France, Germany see surge in coronavirus cases as holidaymakers return home
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France and Germany have recorded their worst daily infection rates in months with concerns growing Thursday that coronavirus cases could spike in Europe just as holidaymakers return home and children go back to school.
France, one of Europe's worst-hit countries, has been recording new coronavirus cases at the fastest daily rate since May.
Some 4,711 Covid-19 infections were confirmed in the past 24 hours, the French public health body said Thursday, a new post-lockdown high.
An additional 3,800 infections were announced a day earlier. "All indicators continue to climb and transmission of the virus is intensifying," the DGS said in a statement Wednesday.
During its two months of lockdown, which ran from March 17 to May 11, France saw a peak of 7,578 infections per day (March 31). But since then, there have been only a few days when the number of new infections per day rose above 4,500, all in the first half of April.
After lockdown ended the number of new infections per day dropped to a low of just 115 on May 24 and the seven-day moving average of new infections – which accounts for data reporting irregularities – dropped to 272 a few days later, according to health ministry data.
Since then, the number of new infections per day has crept up to about 1,000 by the end of July, with an acceleration from mid-August. The seven-day moving average now stands close to 3,000, a level last seen mid-April.
Earlier this week, the French government announced that masks would also be required in workplaces, including meeting rooms, corridors and open spaces.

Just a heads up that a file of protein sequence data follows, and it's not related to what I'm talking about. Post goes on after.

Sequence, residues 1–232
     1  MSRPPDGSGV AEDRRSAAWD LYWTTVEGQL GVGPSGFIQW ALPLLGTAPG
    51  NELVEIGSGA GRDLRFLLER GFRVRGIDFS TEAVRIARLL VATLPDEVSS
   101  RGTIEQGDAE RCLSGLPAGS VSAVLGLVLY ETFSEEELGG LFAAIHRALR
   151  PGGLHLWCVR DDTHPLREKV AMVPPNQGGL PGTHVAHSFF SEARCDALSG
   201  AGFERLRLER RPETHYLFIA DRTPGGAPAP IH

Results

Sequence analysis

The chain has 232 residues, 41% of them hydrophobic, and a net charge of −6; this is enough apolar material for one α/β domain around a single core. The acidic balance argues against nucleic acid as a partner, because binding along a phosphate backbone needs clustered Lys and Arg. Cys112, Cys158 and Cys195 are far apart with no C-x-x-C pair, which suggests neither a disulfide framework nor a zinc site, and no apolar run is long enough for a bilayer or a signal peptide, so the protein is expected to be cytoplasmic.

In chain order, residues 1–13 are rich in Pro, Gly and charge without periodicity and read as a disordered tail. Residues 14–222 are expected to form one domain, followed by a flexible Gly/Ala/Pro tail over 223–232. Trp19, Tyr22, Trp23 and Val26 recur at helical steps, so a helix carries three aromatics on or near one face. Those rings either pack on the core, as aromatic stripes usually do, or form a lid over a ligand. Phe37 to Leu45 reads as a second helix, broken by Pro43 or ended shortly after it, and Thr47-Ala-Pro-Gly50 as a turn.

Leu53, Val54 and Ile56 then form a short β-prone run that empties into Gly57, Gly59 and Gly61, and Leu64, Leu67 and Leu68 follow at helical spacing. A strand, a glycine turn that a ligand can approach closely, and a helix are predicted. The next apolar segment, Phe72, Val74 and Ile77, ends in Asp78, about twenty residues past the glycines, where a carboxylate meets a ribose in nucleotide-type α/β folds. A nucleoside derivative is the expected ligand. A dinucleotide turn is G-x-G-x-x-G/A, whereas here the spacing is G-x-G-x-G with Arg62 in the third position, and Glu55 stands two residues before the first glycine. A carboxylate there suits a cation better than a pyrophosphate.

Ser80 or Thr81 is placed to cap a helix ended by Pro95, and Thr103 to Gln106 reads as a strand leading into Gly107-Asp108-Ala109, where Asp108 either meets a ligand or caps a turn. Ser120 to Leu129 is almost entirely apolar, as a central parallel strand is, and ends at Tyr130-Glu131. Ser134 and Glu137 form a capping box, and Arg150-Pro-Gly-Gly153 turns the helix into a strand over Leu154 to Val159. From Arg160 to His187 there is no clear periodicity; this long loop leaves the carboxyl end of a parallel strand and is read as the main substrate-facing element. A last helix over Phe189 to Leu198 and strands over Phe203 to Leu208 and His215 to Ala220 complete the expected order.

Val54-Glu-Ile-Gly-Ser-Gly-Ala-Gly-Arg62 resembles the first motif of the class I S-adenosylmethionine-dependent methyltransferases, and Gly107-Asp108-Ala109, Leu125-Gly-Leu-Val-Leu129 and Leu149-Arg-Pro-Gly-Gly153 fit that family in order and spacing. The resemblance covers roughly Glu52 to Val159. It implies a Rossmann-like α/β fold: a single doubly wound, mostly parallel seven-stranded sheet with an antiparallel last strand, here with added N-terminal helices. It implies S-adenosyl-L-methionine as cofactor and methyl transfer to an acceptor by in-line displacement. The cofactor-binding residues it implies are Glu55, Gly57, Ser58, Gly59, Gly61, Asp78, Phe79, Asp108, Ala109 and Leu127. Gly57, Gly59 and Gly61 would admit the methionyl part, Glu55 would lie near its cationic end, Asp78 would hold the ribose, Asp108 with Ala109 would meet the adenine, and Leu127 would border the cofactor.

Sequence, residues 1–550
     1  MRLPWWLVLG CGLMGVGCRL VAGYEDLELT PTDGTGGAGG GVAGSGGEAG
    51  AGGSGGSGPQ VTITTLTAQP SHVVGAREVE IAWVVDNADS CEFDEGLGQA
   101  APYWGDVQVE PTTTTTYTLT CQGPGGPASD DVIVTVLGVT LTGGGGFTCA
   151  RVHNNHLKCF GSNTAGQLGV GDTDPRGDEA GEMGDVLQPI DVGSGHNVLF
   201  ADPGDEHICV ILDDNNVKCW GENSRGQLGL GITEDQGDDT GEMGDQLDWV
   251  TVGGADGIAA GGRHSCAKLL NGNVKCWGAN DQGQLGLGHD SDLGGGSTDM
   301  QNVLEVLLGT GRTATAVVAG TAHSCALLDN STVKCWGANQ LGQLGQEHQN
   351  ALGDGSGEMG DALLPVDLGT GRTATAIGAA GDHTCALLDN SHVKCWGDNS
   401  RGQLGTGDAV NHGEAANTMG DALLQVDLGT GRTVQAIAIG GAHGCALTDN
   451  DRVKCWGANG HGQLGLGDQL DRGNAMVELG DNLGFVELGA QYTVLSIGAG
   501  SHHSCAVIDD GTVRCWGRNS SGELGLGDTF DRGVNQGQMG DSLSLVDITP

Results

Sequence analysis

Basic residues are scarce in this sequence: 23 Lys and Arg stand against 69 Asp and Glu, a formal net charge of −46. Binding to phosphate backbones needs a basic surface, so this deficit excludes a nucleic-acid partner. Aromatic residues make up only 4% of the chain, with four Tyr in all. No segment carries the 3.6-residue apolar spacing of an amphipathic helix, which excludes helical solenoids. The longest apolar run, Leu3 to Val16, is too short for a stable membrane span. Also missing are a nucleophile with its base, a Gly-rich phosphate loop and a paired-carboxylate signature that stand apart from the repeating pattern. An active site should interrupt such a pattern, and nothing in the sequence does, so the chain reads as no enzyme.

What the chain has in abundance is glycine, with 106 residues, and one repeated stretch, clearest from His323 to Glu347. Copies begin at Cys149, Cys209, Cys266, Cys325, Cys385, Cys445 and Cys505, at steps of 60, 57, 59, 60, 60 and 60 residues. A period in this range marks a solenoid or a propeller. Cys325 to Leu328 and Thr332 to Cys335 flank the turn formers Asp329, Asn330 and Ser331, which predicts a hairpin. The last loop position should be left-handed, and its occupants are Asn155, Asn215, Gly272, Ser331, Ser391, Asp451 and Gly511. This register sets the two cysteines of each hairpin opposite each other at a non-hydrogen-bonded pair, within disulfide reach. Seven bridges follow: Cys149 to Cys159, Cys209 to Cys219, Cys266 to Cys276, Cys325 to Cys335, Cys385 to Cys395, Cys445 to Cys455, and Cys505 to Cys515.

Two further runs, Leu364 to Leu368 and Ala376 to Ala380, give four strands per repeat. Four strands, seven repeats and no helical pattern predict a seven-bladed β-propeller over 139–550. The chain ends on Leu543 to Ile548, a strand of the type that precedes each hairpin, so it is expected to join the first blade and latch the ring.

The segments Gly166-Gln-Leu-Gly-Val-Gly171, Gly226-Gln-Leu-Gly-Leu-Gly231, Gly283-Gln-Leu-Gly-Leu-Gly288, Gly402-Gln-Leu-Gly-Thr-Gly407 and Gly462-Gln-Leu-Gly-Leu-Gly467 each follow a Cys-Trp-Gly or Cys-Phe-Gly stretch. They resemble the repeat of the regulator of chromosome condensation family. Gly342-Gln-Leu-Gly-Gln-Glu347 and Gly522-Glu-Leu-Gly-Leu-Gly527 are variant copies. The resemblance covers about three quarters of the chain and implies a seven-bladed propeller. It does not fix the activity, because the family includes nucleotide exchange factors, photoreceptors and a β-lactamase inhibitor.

Toulouse on Wednesday became the first French city to declare face masks compulsory outdoors.
Masks are already mandatory on public transport in France and indoors in public places, amid fears that a mass movement of people as the summer break draws to a close will lead to a spike in infections.
Germany on Thursday reported 1,707 new cases of the coronavirus in the past 24 hours, the highest daily toll since the peak of the pandemic in April.
The country has fared better than many European neighbours in suppressing the virus so far but like elsewhere, the number of cases has jumped significantly over the summer holidays.
Much of the rise has been blamed on returning holidaymakers as well as parties and family gatherings. Schools already resumed last week in parts of Germany.
Faced with the surge in cases, Germany earlier this month introduced free, mandatory tests for anyone returning from areas deemed at high risk for Covid-19 infections.
And Chancellor Angela Merkel warned this week there could be no further relaxation of coronavirus restrictions.
On Wednesday, Spain recorded 6,700 new infections in 24 hours, bringing the country's total to more than 370,000, the highest caseload in western Europe.
In Finland, the government on Wednesday removed most EU countries from its "green travel list", meaning that only people arriving from a handful of states will be able to enter the country without coronavirus restrictions from Monday.
Vaccines for all?
An ethics and safety debate is raging around the world as the race to develop a vaccine gathers pace.
Pope Francis said Wednesday that the pandemic is exacerbating inequalities between rich and poor, and called for universal vaccines not reserved just for the wealthiest.
Some governments have struck deals with companies, hoping to secure exclusive supplies of the vaccines when developed.
In the United States, the country's top infectious diseases official, Anthony Fauci, said the government would not make any future Covid-19 vaccine obligatory for the general public.
But he said local jurisdictions could make it mandatory for some groups, like children.
"You don't want to mandate and try and force anyone to take a vaccine. We've never done that," said Fauci, a member of the White House coronavirus task force, during a video talk Wednesday organised by George Washington University.
His comments came hours after Australia's Prime Minister Scott Morrison announced that coronavirus vaccines, once approved, would be mandatory for everyone in his country barring medical exemptions.
The coronavirus pandemic has now killed more than 780,000 people and infected over 22 million, according to an AFP tally.
(FRANCE 24 with AFP and REUTERS)
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